However, during that period, I did complete two large panels for St. Edmund’s Church, Wales along with several large mural projects including one in what was then the new Cardiff Bay.      For these, I rented space from a good friend who had a small industrial park close by to the town. 

It never ceases to amaze me how our needs are always met when we are following the right path. 

This painting represents my dear friend Sammy who gave me the wicker chair, and Nicholas who gave me the quilt. 

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There are many more of these quilt paintings scattered about.      

Every now and then it is good to be reminded of where I have come from.     It helps me to understand more of what I am doing today. Each period, brings with it new experiences, insights, and understandings, and the good news is that this never stops……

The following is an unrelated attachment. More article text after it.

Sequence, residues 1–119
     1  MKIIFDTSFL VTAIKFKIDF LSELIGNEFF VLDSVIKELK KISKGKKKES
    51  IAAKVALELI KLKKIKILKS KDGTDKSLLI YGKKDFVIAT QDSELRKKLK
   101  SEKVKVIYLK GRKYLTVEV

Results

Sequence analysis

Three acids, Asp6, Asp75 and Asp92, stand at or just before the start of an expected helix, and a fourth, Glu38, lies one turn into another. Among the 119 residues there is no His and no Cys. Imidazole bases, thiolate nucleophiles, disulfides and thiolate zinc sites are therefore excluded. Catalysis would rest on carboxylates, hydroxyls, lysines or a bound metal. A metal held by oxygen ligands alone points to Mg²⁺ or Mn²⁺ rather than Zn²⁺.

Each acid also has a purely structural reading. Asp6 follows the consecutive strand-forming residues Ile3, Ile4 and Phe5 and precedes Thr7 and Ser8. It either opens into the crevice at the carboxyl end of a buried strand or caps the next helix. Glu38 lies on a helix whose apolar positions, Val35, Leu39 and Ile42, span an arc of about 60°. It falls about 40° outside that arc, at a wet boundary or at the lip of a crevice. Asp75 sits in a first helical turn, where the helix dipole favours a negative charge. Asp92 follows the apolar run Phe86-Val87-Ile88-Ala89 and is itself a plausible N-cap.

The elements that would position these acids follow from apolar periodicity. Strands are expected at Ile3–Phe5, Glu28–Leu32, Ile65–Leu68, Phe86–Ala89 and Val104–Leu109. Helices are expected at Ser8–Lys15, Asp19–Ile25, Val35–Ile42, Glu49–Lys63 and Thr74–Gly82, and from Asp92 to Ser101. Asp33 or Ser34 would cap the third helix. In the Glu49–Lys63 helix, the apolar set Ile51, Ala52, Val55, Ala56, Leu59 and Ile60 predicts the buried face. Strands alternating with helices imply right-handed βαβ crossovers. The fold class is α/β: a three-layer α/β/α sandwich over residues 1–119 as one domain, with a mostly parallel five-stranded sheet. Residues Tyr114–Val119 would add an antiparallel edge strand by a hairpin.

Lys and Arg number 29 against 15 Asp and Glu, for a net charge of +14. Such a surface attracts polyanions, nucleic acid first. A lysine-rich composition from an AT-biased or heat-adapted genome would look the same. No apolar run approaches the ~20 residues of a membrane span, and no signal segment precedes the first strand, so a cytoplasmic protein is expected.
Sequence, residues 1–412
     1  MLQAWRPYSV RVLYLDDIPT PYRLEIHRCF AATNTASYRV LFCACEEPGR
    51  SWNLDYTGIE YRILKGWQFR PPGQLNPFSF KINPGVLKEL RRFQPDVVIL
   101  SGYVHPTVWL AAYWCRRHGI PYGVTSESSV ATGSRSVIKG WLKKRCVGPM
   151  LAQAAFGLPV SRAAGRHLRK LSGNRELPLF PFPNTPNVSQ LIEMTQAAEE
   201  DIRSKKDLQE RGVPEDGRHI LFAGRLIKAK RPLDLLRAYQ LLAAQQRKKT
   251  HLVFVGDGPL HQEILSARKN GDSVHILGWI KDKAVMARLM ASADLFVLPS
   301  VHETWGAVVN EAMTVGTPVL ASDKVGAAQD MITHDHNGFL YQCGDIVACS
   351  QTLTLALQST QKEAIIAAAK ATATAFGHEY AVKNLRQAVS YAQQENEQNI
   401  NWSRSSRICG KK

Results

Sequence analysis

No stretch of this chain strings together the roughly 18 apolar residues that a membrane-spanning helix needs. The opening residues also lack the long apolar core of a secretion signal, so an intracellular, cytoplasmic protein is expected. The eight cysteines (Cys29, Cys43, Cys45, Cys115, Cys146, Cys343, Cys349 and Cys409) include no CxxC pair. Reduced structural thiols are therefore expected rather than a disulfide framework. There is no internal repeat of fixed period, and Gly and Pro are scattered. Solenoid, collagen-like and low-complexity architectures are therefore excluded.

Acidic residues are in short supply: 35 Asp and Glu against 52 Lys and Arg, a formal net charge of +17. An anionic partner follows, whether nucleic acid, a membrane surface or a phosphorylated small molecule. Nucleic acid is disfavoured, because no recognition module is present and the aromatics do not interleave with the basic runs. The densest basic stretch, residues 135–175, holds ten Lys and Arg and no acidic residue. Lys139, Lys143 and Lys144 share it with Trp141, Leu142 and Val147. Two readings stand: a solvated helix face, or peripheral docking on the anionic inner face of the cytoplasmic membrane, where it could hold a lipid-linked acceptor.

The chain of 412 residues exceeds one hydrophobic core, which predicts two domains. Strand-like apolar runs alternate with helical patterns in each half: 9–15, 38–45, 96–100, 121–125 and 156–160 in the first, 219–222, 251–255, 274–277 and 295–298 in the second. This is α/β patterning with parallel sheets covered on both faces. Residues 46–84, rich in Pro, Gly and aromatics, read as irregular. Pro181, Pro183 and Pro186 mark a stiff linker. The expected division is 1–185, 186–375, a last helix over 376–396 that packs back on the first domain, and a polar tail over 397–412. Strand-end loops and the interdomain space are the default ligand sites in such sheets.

As Picasso once said – ‘An artist’s best painting is their last painting’  – I like that. 

Wishing everyone a  beautiful weekend. 

http://www.janetweightreed.co.uk

A Bientôt

 

 

 

 

Observing the Human Form

September is always the beginning of a new work year for me.   A time to re-evaluate.

I was fortunate enough to go to art college in the early sixties when life/figure drawing was a key element.     In fact, there  is no better way to hone observational skills than to work from either a nude or draped model.

It’s good to see that this traditional way of training the artist’s eye is back in vogue.    I see that life groups are springing up all over the place.

Note that in this watercolour, I am again using the same techniques as shown in my tutorials.     By applying juicy paint into the negative space surround the model…..the model is revealed.     All the white you see in this image is dry white paper.    

Twenty minute watercolour from Boathouse Studio series.